The second and third episodes of Real Rob are called “The Penis Episode Part 1” and “The Penis Episode Part 2.” True to their titles, these episodes also concern Rob’s penis. While arguing with his wife about the age of his sperm, Rob's curly-headed bro agent calls for an offer for a Prostate Pro commercial, which Rob turns down because he doesn’t want to be associated with the product. But we soon find out Rob is doing erectile dysfunction ads in Taiwan. Oh, Rob. You scamp!

If the last episode was all about people saying "my balls," this one is all about characters shouting "my dick!" like the time Rob screams "Suck my dick" at his agent. I understand his anger because I have begun to lose the feeling in my legs.

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Episode 4

Unlike other episodes, this one has a unifying theme: Rob is famous and that is hard. The story begins with Rob running over a pedestrian and, because this is dystopian universe governed by no laws, the cops who appear at the scene are all big Deuce Bigalow fans, so they don’t pay attention to the possibly injured pedestrian.

Later, Rob takes a mime class because he’s always wanted to do some miming and, lo and behold, he’s really good at it. Maybe even too good: at a mime performance, he makes fun of a mentally challenged adult and gets punched in the face. He then goes to the hospital and, because he’s in clown make-up, the doctors don’t recognize that he's a celebrity and so they don't give him preferential treatment. Mimes treated like second class citizens? The healthcare system in the Real Rob universe is very strange.

Episode 5

Rob says he doesn't want to work out with his male dancer nanny because he says, "I don't want gay guys hitting on me." Despite these concerns, he goes to a gym and, in a mind-blowing twist, they think Rob, peak of all things heterosexual, is gay. During one of the needless stand-up sections in the episode, Rob says, "I'm not gay." Twice.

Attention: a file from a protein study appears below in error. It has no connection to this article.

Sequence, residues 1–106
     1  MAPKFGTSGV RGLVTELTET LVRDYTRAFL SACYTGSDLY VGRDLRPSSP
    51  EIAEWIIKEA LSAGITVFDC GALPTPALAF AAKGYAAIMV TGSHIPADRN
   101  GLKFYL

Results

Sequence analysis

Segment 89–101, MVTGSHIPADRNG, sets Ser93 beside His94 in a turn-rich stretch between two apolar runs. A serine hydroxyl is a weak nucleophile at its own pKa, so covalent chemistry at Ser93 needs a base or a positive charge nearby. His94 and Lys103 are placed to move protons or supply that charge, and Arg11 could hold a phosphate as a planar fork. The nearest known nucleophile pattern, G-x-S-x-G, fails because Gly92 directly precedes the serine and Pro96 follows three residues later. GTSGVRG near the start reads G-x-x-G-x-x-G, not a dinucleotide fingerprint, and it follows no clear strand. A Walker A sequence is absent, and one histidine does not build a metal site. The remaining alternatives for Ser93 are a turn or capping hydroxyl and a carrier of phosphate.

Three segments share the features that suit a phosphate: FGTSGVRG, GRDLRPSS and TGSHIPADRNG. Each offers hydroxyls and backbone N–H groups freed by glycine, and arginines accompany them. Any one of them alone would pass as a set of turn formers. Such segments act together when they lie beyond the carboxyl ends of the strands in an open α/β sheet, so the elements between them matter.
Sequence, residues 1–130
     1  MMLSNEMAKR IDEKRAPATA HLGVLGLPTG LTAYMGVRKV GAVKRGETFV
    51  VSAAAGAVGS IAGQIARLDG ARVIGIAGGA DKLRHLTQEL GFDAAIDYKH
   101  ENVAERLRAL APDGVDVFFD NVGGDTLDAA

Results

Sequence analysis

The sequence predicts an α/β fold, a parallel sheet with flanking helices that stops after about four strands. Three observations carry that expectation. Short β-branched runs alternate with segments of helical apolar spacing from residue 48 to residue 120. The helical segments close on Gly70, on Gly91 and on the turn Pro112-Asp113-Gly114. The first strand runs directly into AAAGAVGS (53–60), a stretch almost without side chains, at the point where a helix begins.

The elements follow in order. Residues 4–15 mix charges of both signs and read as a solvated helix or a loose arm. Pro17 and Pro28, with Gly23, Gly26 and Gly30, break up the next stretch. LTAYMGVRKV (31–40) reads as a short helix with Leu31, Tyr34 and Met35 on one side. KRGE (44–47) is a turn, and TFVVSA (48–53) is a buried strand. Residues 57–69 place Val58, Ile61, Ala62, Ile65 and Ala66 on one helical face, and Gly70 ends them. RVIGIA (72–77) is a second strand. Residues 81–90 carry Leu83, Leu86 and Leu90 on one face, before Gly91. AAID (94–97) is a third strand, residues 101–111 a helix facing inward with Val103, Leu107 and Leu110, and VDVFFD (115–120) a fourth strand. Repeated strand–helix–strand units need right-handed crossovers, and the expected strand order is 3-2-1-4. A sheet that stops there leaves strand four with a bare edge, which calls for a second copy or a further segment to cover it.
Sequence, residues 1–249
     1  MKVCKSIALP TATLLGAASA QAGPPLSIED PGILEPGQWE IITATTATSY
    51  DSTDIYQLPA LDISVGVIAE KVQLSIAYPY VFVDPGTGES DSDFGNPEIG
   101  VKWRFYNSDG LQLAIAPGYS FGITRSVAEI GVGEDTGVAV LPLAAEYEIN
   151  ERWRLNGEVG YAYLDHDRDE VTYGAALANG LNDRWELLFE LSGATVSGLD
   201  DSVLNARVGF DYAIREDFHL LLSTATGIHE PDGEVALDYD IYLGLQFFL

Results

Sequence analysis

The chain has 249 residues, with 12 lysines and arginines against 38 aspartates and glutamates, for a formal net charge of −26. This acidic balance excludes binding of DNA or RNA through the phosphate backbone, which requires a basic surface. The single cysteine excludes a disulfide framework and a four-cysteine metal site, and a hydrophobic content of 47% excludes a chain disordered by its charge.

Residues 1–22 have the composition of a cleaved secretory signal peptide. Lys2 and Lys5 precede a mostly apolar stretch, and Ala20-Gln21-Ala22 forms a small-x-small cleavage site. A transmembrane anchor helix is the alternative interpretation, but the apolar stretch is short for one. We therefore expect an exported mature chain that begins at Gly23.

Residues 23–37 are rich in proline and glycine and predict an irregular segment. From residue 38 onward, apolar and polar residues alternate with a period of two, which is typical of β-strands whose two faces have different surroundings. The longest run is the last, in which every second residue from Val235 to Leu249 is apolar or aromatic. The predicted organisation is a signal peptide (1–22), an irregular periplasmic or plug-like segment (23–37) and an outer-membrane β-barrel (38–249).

Just in case anyone is still confused: Rob Schneider is not gay. Wanna guess how not gay he is? He seemingly funded an entire television series to prove this point. Only a not gay person would go this far to show how not gay they are. 

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Episode 6

In yet more more comedy based entirely on stereotypes, Rob's wife wants him to get rid of bad spirits in the house. So he calls George Lopez, who refers him to a witch-doctor. In the B-plot, Rob's assistant has explosive diarrhea. Thankfully, this is the shortest episode.

Episode 7

Rob tells Patricia he'll get Ryan Gosling to make an appearance at the opening of her all-male burlesque show. This episode has a scene in which Real Rob tells a bank teller that the money he's taking out is for Ryan Gosling and she has an orgasm on the spot. In much the same way, this episode almost gave me a brain aneurysm.

Episode 8

The final episode of the show is called "Opening Night," which is also the name of a John Cassavetes movie. I can’t tell if this reference is yet another example of Schneider’s hubris or simply a divine coincidence doled out to us by our Supreme Creator, Real Rob.

The final episode documents Rob's haunting spiral into darkness and despair, as he finds out that he's broke because his mother and brother -- characters we never meet -- have stolen all his money. Without money, Rob can no longer afford to pay for Ryan Gosling's appearance at the opening of his wife’s all male burlesque revue, so he casts a homeless man to pretend to impersonate the hunky Canadian actor. At one point, they find the impersonator eating out of a dumpsite, and Rob says, "Bad Ryan Gross-ling."

Maybe it was the brain damage I suffered during this binge-watch, but I won't lie: I laughed at this joke. It turns out Rob Schneider can be funny in very small doses. Over an eight-episode binge? He can be lethal.

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Dan Jackson is a Staff Writer at Thrillist Entertainment and he may never recover from this. He's on Twitter @danielvjackson.